Guest competitors at Empire Debates "see Christianity" on campus
Financial District, NEW YORK--The students of The King’s Debate Society (KDS) exercised their rhetoric and realized the King's vision at the second annual Empire State Debate Tournament Feb. 2-3, which hosted about 120 debaters and judges from eleven schools, some journeying from as far as Florida and Montana. “I didn't expect to see all of this stuff reinforcing the fact that it’s an evangelical school,” a debater from the University of Vermont said, gesturing to a nearby wall-hanging that bore 2 Chronicles 15:12-15 and was signed by faculty, staff and students.
A debater from Rocky Mountain College in Montana said, “At Rocky Mountain we have a denominational affiliation, but you wouldn't know that unless you read the student handbook. I thought it was much different here, that Christianity is something you see on the campus.”
KDS debate coach Burk Obayashi said most of the schools at the tournament knew that King’s was a Christian school. “A lot just knew because we've been in the community and we have a close relationship with a lot of them,” he said.
However, most debaters and judges at the tournament said they weren't sure what to expect coming to a Christian school in New York City. Serenity Richardson (’16) said, “I remember seeing one person walk past our front desk and laugh that we had Fox News on.”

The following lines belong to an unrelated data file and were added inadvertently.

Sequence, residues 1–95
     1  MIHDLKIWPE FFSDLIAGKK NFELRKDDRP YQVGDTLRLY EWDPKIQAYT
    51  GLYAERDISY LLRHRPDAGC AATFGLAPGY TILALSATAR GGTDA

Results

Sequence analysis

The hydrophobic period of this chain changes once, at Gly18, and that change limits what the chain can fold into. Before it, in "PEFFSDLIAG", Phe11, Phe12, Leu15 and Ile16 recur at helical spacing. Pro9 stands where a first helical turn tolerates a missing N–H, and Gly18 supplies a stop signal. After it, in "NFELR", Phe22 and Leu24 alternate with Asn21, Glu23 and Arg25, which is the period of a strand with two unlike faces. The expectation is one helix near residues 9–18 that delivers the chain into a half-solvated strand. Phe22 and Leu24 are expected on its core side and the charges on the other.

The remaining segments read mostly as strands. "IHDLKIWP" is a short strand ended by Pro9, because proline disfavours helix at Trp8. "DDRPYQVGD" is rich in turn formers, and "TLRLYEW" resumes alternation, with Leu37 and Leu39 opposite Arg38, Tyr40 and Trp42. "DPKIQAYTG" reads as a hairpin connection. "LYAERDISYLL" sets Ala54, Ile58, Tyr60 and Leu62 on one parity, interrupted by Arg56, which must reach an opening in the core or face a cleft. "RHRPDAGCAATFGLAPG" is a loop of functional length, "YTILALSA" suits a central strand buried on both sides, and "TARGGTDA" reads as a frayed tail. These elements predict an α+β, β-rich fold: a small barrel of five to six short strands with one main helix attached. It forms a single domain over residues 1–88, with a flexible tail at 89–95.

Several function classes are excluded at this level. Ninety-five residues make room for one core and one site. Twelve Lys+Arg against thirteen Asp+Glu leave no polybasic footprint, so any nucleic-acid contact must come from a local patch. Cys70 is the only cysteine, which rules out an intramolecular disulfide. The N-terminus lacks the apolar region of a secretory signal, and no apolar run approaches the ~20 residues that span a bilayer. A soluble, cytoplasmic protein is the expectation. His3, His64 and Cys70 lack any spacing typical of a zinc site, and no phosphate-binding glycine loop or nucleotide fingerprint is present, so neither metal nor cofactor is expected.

The KDS coordinated volunteers, transported food from Costco and carefully chose the wording for every motion. The most controversial motion was “This house believes that pornography harms the viewer.”
One judge from University of Vermont said he thought it was "commendable" that King’s engaged in debate about pornography. Two of six individual Patrick Henry College teams forfeited the round on matter of conscience, feeling uncomfortable in the position of arguing that pornography is not harmful. KDS President Greg DuBois ('13) said via email that they are "totally willing to engage on the topic, but they would say that limited prep, switch-side debate is an inappropriate venue in which to do so."
“Christians can look at a motion about porn and think, 'I don't agree with my assigned position, so I guess I have to forfeit,' or they can choose to engage the idea,” alumnus Matthias Clock, co-founder of KDS and TKC Communications Coordinator, said. Clock views such motions as opportunities for people to search human nature and the soul.
King’s debaters have been engaging ideas on and off the debate floor. Clock said that when he participated in KDS he “once had lunch with an existentialist and a Muslim…at Yale. I got to have a great discussion with them about Jesus. In debate, people are getting to hear truth in a way that’s not preachy.”
Part of the King’s vision is to “exchange ideas in open debate with those who espouse different views.” Clock re-phrased it: “Debate is a search for real truth, not an assumed truth that you push on others.”
The visiting debaters and judges commented on the unique city campus. One judge said that coming from China, he realized that big campuses with beautiful lawns and trees were nothing if the school had a corrupt administration and were not teaching the right ideas in class. He said, “It doesn't matter what your building is like. It matters what kind of minds you’re producing.”
This article has been updated to reflect the following clarification: PHC debaters who forfeited the round on pornography did not wish to stifle discussion about topic but chose to abstain on matter of conscience. The Tribune regrets not making this point explicit.